You can always assume that an employee hiring based solely on being a state representative’s cousin, or the daughter of a favored donor, or some such cozy arrangement, is going to result in, er, subpar performers.
And that is exactly what we are seeing as the state puts Probation Commissioner John O’Brien and his two top cronies on trial for corruption. O’Brien oversaw a department that handed out good-paying jobs to the friends and families of state lawmakers and their favored coterie. Prosecutors say he manipulated the interview process to ensure that the best qualified candidates lost out to those who had political favor.
O’Brien argues that he’s done nothing wrong, that he was acting in the well-established ways that lawmakers had laid out for him. It’s the well-worn path of patronage hires.
Sadly, he is right. There is nothing really new here. It’s as if an old and mossy rock has been overturned, and we are shocked to see the various crawling, scuttling and fleeing creatures that live underneath it. Truth is, they’ve been there all along, we just didn’t bother to look.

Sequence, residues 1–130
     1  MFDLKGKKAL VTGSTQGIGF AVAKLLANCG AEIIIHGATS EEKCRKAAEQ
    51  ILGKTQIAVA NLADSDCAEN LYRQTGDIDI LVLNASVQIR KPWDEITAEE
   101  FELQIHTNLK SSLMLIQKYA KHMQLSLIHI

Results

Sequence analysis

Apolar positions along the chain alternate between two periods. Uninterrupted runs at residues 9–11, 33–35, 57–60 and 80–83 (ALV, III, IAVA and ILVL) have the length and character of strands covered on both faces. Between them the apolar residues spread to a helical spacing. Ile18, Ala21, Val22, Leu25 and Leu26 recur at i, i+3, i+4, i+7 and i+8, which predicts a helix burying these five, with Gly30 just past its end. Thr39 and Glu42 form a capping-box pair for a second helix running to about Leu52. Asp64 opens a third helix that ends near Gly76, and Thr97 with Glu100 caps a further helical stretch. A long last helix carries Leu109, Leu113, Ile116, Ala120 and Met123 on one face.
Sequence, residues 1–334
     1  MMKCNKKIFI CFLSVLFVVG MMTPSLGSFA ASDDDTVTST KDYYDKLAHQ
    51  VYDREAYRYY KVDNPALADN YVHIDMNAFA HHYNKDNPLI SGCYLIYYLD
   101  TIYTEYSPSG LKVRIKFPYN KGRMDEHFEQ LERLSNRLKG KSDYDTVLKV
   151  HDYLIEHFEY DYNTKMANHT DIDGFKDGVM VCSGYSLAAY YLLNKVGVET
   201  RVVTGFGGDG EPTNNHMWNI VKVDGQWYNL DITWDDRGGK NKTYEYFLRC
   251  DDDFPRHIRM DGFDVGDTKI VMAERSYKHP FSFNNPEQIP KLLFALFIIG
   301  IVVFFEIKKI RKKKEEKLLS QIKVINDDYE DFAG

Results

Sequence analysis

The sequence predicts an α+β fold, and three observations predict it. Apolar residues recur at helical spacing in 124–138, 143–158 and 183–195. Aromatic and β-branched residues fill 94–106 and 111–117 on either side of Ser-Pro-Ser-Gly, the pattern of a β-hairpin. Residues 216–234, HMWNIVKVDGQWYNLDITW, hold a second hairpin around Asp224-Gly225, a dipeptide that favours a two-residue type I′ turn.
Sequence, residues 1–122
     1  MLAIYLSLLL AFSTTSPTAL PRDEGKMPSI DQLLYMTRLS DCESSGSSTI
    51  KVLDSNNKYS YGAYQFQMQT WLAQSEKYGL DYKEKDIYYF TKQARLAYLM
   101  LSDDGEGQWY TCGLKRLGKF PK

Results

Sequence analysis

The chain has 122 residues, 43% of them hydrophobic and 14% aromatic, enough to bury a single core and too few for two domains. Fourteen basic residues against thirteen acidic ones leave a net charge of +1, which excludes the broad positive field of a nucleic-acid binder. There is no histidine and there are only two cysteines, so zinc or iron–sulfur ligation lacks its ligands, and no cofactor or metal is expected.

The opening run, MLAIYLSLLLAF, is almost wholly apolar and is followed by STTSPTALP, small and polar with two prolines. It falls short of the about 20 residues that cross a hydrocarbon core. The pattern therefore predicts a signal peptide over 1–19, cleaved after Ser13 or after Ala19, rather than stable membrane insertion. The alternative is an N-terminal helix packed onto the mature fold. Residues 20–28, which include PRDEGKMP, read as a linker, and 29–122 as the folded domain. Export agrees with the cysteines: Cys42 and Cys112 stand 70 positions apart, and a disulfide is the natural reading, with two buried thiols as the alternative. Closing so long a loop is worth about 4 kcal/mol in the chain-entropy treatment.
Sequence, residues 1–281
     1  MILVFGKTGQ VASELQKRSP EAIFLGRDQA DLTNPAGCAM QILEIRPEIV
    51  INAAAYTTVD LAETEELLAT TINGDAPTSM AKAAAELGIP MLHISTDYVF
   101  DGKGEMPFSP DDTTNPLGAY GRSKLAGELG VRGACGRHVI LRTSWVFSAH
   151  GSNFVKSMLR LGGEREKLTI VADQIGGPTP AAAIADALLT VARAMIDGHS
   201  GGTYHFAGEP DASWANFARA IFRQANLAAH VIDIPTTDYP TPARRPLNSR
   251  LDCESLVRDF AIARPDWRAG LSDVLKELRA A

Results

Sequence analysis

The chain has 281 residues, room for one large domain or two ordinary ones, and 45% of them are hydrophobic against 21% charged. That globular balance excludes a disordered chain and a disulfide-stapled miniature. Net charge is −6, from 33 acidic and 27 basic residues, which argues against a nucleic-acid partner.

The patronage system is as old in Massachusetts as the hallowed Puritans themselves, who were not above concocting colonial government jobs for a well-connected (and unemployable) family member. It’s hardly confined to Massachusetts: Rhode Island seems to be very familiar with it.
None of that makes it right, of course. It’s good to see it rooted out and exposed, as prosecutors are doing right now.
Each day, the trial is trotting out another tale of an unqualified person led by the nose to the front of the line, passing by people who are far better suited for the job.
One fine example is Patrick Lawton, the scion of a South Shore political family who was put up for a job by Senate President Therese Murray.